6 Classic French Cocktails You Can Make At Home

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The days are getting longer, which means that happy hour is too. Each of these 6 French cocktails captures the essence of la vie française, so whether you’re warding off the last chill of winter with bourbon, or welcoming summer with open arms and a bottle of champagne, this list should provide you with a libation for every mood.

1. Kir

Paolo Vilela

You can get a kir at just about any bar in Paris, but it’s probably not something you’ll drink in the US unless you make it at home. Invented by Canon Félix Kir, priest, mayor of Dijon, and a hero of the French resistance during World War II, the drink is simple yet satisfying. Just get a glass of white wine (no need to splurge, as the second ingredient really controls the flavor profile of this drink), and add a bit of crème de cassis, or blackcurrant liqueur. The cassis is rather sweet, so go with a dry wine, or substitute with champagne for a kir royale.


6 oz Dry White Wine

2 tbsp Crème de Cassis

2. St. Germain Spritz

There are a few slight variations on this bright, floral summer drink, starring St. Germain elderflower liqueur, the tagline of which is literally, “Parisian life in a bottle.” But the basic idea is St. Germain plus bubbly. For a heftier drink, omit the sparkling water, or substitute it for an ounce of gin.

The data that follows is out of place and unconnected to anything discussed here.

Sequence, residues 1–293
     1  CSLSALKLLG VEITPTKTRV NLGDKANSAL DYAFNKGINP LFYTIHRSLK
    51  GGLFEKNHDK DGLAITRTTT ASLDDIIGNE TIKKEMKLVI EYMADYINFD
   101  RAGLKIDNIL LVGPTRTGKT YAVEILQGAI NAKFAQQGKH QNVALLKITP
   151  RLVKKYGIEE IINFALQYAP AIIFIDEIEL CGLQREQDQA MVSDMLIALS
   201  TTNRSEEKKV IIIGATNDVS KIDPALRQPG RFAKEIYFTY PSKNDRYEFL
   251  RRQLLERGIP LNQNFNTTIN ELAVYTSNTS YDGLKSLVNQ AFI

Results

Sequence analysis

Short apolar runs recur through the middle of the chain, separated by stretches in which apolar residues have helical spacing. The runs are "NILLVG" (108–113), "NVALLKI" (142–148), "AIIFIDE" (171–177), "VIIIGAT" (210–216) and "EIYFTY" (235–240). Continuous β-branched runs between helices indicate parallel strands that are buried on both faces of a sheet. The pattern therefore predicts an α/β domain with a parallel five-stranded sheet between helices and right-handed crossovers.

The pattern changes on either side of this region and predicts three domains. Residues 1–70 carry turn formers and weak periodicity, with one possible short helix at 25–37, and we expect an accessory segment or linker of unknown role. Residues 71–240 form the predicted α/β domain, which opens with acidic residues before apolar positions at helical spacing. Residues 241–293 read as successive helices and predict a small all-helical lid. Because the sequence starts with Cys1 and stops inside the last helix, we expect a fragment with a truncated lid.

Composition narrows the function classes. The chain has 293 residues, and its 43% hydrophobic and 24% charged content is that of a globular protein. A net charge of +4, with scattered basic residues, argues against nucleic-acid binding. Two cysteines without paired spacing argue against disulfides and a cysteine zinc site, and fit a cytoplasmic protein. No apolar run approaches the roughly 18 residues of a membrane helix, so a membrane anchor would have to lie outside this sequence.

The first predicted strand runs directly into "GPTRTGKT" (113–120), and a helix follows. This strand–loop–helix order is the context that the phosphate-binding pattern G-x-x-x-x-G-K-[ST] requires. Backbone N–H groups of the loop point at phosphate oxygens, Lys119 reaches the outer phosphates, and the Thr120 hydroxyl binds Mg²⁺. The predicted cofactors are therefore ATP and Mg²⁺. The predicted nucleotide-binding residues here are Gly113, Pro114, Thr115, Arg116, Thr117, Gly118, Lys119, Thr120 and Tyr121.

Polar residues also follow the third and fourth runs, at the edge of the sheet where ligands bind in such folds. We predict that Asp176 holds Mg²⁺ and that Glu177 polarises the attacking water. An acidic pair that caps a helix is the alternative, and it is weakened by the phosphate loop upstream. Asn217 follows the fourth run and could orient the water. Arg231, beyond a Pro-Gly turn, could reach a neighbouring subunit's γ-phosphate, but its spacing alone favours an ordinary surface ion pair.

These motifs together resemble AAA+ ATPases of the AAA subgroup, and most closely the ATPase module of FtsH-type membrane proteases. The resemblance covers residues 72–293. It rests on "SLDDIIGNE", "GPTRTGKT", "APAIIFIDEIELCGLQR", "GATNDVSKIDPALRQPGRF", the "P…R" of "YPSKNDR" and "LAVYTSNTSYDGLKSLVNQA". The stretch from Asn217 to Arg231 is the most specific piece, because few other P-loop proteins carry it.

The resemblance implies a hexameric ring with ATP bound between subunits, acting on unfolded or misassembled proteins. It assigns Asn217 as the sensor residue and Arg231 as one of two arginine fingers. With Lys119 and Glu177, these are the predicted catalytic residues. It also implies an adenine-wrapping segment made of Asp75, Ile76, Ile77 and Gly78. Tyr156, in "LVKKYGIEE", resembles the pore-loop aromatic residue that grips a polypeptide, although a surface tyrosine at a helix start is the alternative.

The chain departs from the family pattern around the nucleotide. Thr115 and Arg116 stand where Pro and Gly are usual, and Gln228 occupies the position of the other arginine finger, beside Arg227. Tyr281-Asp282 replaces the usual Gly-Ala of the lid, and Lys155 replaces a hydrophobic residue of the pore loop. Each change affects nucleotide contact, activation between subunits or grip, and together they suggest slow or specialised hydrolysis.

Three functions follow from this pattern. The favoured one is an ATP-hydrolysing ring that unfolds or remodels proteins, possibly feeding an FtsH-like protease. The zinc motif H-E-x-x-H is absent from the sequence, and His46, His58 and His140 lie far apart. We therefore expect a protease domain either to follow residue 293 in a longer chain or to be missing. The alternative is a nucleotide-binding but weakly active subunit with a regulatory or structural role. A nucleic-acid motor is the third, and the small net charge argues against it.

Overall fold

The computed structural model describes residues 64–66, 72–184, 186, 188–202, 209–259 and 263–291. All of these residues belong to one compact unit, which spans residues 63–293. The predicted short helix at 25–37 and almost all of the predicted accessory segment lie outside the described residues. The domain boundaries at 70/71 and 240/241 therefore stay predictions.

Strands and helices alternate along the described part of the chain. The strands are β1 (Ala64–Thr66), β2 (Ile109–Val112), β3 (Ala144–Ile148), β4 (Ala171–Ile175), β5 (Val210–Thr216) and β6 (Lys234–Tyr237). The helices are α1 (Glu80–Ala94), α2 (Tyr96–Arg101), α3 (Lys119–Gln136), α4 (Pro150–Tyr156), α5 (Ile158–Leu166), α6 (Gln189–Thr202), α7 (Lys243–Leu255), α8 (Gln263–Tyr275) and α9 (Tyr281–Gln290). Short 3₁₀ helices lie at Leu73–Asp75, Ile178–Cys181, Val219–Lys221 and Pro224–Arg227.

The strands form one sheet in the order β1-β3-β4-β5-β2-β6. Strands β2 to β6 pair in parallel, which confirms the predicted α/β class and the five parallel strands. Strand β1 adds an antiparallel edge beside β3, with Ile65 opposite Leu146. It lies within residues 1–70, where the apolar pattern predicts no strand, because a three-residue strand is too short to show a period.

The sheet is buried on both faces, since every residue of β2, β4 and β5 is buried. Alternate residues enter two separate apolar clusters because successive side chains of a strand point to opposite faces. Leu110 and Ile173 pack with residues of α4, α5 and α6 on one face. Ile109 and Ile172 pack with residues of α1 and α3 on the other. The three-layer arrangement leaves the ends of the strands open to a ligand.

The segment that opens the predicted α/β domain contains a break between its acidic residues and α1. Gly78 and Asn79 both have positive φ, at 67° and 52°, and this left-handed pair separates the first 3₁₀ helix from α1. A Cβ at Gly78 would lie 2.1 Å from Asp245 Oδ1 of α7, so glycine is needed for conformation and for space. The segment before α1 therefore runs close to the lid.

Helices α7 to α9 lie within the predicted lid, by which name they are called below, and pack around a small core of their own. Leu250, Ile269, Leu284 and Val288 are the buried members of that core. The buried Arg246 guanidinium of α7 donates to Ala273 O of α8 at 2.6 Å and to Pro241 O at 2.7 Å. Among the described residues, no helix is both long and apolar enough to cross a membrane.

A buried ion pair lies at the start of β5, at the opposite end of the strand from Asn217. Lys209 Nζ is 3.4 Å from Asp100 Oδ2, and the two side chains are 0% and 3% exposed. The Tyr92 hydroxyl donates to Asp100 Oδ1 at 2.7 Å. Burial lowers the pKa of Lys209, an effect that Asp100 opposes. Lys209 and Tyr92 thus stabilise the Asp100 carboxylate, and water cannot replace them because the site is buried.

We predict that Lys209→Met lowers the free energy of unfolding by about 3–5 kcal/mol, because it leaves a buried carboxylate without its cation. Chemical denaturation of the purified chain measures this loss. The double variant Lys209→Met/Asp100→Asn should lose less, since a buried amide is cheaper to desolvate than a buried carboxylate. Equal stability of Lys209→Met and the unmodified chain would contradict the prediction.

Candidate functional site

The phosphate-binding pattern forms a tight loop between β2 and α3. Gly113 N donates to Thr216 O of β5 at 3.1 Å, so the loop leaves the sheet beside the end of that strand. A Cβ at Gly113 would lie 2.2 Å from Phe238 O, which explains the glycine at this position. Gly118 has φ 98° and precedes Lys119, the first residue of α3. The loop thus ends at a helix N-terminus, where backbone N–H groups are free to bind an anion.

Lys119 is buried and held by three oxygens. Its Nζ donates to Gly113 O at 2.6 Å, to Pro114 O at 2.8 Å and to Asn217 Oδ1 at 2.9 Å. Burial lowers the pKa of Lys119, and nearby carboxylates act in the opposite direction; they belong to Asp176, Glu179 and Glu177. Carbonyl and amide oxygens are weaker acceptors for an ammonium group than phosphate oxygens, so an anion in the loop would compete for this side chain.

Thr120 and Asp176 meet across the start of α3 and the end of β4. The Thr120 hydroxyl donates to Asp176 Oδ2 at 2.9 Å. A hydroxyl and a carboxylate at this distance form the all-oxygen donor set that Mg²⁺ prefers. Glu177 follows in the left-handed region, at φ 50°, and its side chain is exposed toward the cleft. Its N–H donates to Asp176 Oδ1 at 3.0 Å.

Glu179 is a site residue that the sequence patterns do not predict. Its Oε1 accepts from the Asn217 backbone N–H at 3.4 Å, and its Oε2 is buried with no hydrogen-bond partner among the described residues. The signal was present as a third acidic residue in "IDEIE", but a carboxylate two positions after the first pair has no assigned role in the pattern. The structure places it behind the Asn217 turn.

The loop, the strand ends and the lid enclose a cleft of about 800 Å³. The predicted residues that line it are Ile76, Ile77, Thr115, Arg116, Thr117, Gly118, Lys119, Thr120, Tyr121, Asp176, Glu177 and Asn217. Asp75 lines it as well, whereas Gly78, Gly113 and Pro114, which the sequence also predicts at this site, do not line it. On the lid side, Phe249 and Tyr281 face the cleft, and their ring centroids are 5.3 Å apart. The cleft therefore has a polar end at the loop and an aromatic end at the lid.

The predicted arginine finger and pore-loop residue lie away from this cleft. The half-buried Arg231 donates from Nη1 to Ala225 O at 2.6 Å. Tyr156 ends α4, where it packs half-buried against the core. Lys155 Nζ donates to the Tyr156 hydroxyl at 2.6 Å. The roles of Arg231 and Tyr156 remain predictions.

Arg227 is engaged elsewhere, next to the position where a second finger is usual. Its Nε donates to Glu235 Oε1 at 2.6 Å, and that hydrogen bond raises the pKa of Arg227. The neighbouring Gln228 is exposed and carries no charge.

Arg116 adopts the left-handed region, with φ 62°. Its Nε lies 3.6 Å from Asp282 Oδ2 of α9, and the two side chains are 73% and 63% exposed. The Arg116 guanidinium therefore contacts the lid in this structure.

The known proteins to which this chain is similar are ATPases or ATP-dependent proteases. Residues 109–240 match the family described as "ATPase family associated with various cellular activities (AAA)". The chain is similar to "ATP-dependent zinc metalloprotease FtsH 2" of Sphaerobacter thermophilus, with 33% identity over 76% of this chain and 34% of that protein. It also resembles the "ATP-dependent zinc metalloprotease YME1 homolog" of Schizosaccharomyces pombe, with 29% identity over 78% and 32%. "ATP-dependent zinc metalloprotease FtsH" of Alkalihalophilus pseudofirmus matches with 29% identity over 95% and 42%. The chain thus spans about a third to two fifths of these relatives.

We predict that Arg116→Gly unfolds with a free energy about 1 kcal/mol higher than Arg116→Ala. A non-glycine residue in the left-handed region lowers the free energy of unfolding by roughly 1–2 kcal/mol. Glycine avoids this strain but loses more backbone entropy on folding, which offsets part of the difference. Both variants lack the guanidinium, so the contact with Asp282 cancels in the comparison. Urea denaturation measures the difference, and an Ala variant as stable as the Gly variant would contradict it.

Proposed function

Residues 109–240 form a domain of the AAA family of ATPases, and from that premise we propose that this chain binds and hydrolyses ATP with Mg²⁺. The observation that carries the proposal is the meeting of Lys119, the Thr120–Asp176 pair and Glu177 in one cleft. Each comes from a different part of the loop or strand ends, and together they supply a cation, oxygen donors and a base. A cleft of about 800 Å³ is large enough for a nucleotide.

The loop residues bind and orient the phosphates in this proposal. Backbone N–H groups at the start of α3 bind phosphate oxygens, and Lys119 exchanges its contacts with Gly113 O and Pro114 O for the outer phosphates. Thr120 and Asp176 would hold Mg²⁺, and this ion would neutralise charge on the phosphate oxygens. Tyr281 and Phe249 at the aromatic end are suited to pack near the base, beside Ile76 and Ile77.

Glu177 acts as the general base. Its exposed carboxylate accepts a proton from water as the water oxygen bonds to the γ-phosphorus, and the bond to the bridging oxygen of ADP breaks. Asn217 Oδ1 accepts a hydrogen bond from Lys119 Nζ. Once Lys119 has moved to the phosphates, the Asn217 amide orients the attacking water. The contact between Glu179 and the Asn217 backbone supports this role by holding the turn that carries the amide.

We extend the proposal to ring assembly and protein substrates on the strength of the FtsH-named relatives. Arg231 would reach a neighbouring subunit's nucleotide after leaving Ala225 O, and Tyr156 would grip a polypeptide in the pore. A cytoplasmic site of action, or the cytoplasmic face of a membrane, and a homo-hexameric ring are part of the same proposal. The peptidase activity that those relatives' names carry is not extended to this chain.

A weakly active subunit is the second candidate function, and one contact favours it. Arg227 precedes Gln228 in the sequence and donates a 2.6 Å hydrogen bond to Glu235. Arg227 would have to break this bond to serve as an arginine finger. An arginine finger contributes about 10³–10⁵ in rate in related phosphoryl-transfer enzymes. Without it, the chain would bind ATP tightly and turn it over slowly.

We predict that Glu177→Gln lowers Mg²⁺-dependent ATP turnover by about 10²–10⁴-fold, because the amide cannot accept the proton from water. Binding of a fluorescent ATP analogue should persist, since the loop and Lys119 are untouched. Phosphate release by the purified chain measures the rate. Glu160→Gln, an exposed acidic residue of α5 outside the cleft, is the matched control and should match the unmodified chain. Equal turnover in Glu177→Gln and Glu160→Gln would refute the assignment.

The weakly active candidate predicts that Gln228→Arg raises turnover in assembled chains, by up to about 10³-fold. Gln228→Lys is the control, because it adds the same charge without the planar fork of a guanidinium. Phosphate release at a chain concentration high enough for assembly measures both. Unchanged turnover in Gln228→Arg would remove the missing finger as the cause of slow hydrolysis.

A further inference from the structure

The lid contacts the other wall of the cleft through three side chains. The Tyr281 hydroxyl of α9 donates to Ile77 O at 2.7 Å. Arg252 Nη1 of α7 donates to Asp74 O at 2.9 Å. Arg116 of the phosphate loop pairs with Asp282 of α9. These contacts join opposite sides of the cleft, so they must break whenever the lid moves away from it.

1.5 oz St. Germain

2 oz Dry Sparkling Wine or Champagne

2 oz Sparkling Water

3. Boulevardier

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Invented by Erskine Gwynne, the Boulevardier is named after a publication of the same name, also the product of the aforementioned American. Essentially a bourbon Negroni, the Boulevardier was designed to embody the spirit of the Parisian cafe dwellers who brought life to Paris’s grand boulevards during Gwynne’s time there in the 1920s. Stir and serve over ice.

1.5 oz Bourbon

.75oz. Sweet Vermouth

.75oz Campari

Garnish with a flamed orange peel

4. Rose

One of the more popular beverages of 1920s Paris, invented at the Chatham Hotel bar, the Rose is made from dry French vermouth and Kirsch (a brandy distilled from sour cherries). The drink is sweetened with some kind of fruit liqueur or syrup, usually cherry, strawberry, or raspberry–then shaken. This one will require a more dedicated barback, but it’ll be worth it to have an oft-overlooked taste of jazz age France.

1.75 oz French vermouth (preferably Noilly Prat)

1 oz Kirsch

.5 oz Cherry, Raspberry, or Strawberry Liqueur

Garnish with a single brandied cherry (or maraschino in a pinch)

5. Sidecar

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This cocktail, which became popular at Harry’s New York Bar in Paris at the end of the First World War, is one of many with a somewhat mythical origin. It was allegedly named for an American military man who supposedly rode up to the bar in a motorcycle sidecar, asking for a pre-dinner cocktail. No matter the namesake, however, the drink is a classic for a reason, and meant to be served shaken in your favorite utility glass.

1 oz Cognac

1 oz Cointreau

1 oz Lemon Juice

6. Death in the Afternoon

Invented in Paris by Ernest Hemingway, this absinthe and champagne beverage packs quite the punch. Though the writer himself advised “drinking three to five slowly,” you’ll feel the headrush from the absinthe after the first glass. Perhaps take a peek at our list of absinthe brands available in the U.S. to aid your selection.

1.5 oz Absinthe

5 oz Champagne or Sparkling Wine